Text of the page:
The Mana series, known in Japan as Seiken Densetsu (聖剣伝説?, lit. "Legend of the Sacred Sword"), is a medieval-fantasy action role-playing game series from Square Enix, created by Koichi Ishii. The series began as a handheld side story to Square's flagship franchise Final Fantasy, though most Final Fantasy-inspired elements were subsequently dropped, starting with the second installment, Secret of Mana. It has since grown to include games of various genres within the fictional world of Mana, with recurring stories involving a world tree, its associated holy sword, and the fight against forces that would steal their power. Several character designs, creatures, and musical themes reappear frequently.
In 2003, the series comprised five games; since 2006, it has experienced a revival through the World of Mana campaign, with four new games released in the span of one year. As of 2008, the Mana series comprises eight console games and two mobile games, in addition to four manga and one novelization. The Mana series reception has been very uneven, with Secret of Mana earning wide acclaim, such as being rated 78th in IGN's yearly "Top 100 Games of All Time", and being highly praised for its musical score, while the games from the World of Mana series have been rated considerably lower. As of March 2011, Mana series titles have sold over 6 million units.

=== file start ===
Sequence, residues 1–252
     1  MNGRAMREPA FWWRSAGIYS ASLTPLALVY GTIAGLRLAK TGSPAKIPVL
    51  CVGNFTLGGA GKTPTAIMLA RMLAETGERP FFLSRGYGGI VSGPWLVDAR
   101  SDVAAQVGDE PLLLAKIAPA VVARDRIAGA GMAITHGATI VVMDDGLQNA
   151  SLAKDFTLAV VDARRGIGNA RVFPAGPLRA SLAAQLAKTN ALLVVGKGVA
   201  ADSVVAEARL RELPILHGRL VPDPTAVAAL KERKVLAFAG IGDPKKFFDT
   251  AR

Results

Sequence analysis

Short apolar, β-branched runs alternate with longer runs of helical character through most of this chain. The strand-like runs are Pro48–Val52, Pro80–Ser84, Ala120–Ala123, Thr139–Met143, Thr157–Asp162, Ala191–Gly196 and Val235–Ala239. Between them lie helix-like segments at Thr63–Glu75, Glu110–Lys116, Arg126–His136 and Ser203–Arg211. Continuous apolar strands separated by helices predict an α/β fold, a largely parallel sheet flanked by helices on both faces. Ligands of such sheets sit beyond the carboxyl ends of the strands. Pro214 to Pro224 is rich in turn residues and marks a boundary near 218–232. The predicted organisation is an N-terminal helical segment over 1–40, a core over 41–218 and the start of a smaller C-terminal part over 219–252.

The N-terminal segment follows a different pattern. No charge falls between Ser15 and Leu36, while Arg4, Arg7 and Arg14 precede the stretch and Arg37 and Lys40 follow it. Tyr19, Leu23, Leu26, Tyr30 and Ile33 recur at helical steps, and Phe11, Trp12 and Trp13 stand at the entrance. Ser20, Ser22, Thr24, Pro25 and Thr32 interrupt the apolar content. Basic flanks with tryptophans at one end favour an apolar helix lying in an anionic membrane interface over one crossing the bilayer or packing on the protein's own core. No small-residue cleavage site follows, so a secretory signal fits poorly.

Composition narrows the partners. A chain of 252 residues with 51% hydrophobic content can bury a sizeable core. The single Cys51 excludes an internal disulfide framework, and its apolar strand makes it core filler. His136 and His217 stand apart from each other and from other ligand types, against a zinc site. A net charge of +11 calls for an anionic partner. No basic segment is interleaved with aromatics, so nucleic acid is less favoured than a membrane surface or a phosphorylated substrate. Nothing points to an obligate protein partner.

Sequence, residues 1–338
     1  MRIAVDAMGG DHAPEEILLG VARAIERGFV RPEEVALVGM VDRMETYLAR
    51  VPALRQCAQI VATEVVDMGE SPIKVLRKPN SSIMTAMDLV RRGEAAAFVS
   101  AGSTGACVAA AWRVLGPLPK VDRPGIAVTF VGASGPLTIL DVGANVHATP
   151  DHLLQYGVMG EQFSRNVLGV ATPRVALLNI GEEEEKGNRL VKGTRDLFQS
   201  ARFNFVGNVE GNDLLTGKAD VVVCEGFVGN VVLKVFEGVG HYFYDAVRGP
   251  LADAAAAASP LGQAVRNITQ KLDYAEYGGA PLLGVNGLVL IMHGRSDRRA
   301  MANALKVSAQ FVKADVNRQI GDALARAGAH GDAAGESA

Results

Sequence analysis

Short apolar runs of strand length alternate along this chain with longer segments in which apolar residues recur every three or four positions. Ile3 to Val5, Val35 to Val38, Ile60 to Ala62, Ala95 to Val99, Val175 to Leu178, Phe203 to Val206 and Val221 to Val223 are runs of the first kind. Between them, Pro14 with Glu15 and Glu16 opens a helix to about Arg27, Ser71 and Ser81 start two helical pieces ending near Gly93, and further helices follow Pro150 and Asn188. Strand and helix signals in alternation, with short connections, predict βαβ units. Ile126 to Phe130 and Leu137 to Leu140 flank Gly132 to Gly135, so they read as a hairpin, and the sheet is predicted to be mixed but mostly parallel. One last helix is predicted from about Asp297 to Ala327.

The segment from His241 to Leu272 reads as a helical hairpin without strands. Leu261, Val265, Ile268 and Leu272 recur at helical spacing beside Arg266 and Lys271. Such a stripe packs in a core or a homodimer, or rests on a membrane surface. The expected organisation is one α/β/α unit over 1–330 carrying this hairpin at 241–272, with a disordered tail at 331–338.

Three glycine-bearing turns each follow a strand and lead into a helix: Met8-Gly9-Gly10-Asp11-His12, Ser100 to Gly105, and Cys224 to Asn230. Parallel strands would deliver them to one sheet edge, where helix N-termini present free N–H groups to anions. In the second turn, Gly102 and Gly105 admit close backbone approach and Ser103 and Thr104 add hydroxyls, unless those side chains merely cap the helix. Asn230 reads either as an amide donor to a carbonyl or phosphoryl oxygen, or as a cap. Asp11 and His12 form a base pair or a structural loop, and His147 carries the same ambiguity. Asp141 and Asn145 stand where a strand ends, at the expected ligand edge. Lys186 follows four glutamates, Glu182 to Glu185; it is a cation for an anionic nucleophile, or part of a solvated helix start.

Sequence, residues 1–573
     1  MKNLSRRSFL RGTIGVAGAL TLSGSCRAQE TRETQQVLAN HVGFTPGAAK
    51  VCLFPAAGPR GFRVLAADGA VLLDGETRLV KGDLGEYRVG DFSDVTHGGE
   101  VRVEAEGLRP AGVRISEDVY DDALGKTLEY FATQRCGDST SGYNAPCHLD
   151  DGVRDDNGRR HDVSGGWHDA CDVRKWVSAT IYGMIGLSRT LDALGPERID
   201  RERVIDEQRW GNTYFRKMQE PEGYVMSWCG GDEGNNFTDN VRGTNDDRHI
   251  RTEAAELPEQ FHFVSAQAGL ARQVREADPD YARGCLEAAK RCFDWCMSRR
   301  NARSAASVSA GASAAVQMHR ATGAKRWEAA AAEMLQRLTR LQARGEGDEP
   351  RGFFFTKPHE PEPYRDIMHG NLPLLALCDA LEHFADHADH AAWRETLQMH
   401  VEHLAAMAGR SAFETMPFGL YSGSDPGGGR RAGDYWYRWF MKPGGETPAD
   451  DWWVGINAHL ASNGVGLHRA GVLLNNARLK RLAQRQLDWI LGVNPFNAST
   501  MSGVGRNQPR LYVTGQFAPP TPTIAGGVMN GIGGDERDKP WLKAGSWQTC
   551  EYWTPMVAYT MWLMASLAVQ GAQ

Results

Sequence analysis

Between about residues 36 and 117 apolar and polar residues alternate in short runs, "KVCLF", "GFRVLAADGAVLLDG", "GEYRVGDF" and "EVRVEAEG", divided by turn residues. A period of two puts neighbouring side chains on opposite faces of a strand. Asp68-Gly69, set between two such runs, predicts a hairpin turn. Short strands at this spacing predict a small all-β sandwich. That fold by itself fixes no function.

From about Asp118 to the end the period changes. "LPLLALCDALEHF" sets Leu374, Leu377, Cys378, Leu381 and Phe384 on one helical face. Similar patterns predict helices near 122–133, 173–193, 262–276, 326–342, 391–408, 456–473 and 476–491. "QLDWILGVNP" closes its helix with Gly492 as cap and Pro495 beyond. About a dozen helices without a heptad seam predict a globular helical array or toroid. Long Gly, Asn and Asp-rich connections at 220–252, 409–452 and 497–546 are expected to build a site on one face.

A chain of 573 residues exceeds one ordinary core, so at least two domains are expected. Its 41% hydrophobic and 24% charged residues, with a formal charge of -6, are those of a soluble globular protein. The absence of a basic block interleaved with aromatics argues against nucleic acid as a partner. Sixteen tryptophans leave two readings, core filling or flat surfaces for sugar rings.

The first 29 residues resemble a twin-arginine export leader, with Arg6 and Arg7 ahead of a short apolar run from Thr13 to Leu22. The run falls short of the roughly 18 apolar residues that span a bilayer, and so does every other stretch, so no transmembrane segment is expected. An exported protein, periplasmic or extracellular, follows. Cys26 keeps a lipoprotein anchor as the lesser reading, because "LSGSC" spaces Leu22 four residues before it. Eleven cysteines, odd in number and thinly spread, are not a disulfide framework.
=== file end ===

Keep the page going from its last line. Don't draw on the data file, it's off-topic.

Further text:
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... in Japan, is a Final Fantasy spinoff and the first game in the Mana series ... A remake, Sword of Mana, was released in 2003 ... and his sorcerer assistant, Julius, from destroying the Tree of Mana and dooming their world ...
... Fantasy Adventure — 87% Secret of Mana — 86% Seiken Densetsu 3 — — Legend of Mana — 73% Sword of Mana 72 out of 100 71% Children of Mana 65 out of 100 67 ... GameSpot referred to Secret of Mana as "one of Square's masterpieces on the SNES" ... Famitsu rated Legend of Mana at 31/40 and Heroes of Mana at 32/40 ...
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“As Cuvier could correctly describe a whole animal by the contemplation of a single bone, so the observer who has thoroughly understood one link in a series of incidents should be able to accurately state all the other ones, both before and after.”
—Sir Arthur Conan Doyle (18591930)